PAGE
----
Biomaterials for promoting periodontal regeneration in human intrabony defects: a systematic review

Sculean, Anton; Nikolidakis, Dimitris; Nikou, George; Ivanovic, Aleksandar; Chapple, Iain L C; Stavropoulos, Andreas (2015). Biomaterials for promoting periodontal regeneration in human intrabony defects: a systematic review. Periodontology 2000, 68(1), pp. 182-216. Blackwell 10.1111/prd.12086

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Intrabony periodontal defects are a frequent complication of periodontitis and, if left untreated, may negatively affect long-term tooth prognosis. The optimal outcome of treatment in intrabony defects is considered to be the absence of bleeding on probing, the presence of shallow pockets associated with periodontal regeneration (i.e. formation of new root cementum with functionally orientated inserting periodontal ligament fibers connected to new alveolar bone) and no soft-tissue recession. A plethora of different surgical techniques, often including implantation of various types of bone graft and/or bone substitutes, root surface demineralization, guided tissue regeneration, growth and differentiation factors, enamel matrix proteins or various combinations thereof, have been employed to achieve periodontal regeneration. Despite positive observations in animal models and successful outcomes reported for many of the available regenerative techniques and materials in patients, including histologic reports, robust information on the degree to which reported clinical improvements reflect true periodontal regeneration does not exist. Thus, the aim of this review was to summarize, in a systematic manner, the available histologic evidence on the effect of reconstructive periodontal surgery using various types of biomaterials to enhance periodontal wound healing/regeneration in human intrabony defects. In addition, the inherent problems associated with performing human histologic studies and in interpreting the results, as well as certain ethical considerations, are discussed. The results of the present systematic review indicate that periodontal regeneration in human intrabony defects can be achieved to a variable extent using a range of methods and materials. Periodontal regeneration has been observed following the use of a variety of bone grafts and substitutes, guided tissue regeneration, biological factors and combinations thereof. Combination approaches appear to provide the best outcomes, whilst implantation of alloplastic material alone demonstrated limited, to no, periodontal regeneration.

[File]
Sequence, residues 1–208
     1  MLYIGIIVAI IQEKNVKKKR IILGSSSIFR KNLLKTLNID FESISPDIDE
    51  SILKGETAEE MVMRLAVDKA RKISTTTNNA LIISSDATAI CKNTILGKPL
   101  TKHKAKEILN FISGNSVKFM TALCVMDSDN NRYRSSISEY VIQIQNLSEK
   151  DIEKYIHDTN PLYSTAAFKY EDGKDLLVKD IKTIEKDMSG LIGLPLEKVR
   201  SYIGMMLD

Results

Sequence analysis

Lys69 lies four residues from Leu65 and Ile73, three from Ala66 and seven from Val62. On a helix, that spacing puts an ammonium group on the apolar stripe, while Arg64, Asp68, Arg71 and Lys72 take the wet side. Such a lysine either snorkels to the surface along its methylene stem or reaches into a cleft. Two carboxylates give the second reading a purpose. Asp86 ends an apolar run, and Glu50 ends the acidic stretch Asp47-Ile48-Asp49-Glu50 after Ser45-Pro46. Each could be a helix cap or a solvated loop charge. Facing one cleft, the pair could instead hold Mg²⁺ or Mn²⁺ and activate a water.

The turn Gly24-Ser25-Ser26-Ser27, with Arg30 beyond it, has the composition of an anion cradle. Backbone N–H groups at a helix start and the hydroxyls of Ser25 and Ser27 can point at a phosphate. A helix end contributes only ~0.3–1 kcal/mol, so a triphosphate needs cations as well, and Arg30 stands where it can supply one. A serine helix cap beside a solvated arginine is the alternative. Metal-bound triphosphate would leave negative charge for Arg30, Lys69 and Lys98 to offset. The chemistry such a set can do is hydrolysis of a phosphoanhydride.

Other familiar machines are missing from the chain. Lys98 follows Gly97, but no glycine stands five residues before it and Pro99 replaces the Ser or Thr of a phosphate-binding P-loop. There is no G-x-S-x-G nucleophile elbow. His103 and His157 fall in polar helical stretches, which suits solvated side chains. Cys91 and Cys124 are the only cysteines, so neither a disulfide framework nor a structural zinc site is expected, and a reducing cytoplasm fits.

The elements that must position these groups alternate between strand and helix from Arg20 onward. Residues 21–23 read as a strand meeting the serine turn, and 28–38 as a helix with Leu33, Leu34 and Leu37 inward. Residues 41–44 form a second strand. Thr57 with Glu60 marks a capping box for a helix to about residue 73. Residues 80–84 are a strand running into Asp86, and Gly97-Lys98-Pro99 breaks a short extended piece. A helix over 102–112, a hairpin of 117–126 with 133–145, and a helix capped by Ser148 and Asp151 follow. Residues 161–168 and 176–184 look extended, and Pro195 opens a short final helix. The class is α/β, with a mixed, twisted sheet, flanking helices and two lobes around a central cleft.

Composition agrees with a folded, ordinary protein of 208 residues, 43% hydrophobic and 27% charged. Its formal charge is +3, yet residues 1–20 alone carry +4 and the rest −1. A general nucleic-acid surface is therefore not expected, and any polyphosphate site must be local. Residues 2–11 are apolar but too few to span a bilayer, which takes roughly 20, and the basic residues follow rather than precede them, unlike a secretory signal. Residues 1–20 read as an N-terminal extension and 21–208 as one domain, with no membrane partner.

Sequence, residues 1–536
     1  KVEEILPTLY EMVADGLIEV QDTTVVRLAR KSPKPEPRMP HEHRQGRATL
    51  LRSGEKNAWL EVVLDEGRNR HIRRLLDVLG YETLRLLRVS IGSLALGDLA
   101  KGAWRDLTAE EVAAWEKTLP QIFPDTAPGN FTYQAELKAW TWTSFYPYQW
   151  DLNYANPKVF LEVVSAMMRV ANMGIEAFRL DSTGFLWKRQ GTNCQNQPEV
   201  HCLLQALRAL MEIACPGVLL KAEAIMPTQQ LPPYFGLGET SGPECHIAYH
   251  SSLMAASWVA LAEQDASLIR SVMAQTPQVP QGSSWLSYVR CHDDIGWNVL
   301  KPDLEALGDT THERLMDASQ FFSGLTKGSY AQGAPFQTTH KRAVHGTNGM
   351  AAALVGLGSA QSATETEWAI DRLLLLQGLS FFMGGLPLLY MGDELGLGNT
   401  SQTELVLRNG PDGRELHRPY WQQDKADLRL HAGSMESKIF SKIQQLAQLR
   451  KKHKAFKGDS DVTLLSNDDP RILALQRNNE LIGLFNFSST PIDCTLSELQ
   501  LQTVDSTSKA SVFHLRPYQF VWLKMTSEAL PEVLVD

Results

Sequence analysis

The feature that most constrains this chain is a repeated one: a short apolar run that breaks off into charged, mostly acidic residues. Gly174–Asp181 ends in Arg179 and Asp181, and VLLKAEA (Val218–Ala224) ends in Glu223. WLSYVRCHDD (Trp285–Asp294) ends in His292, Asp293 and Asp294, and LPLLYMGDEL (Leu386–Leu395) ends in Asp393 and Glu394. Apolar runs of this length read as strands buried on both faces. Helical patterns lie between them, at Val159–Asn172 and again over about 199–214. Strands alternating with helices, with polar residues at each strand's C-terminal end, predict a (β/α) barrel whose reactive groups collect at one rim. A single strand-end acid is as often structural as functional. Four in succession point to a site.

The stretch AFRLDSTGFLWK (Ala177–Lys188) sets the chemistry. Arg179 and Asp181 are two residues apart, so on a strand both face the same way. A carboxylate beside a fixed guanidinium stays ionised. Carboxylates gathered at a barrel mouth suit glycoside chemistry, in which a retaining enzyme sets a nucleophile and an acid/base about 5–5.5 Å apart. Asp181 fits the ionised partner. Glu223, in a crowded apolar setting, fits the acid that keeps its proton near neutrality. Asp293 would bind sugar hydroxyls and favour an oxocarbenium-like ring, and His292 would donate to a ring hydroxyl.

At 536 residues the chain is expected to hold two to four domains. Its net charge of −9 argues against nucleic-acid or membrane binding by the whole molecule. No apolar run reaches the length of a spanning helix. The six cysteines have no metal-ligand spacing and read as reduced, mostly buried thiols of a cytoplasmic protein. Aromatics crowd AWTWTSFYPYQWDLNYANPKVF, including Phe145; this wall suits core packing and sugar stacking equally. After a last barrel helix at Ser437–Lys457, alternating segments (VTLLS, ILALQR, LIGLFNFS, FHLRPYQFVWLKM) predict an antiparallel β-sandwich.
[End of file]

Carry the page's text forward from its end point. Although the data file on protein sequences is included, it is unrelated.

Item Type:

Journal Article (Original Article)


04 Faculty of Medicine > School of Dental Medicine
04 Faculty of Medicine > School of Dental Medicine > Department of Periodontology

UniBE Contributor:

Sculean, Anton and Stavropoulos, Andreas


600 Technology > 610 Medicine & health








Eveline Carmen Schuler

Date Deposited:

17 Feb 2016 12:11

Last Modified:

11 Sep 2017 08:07

Publisher DOI:


PubMed ID:





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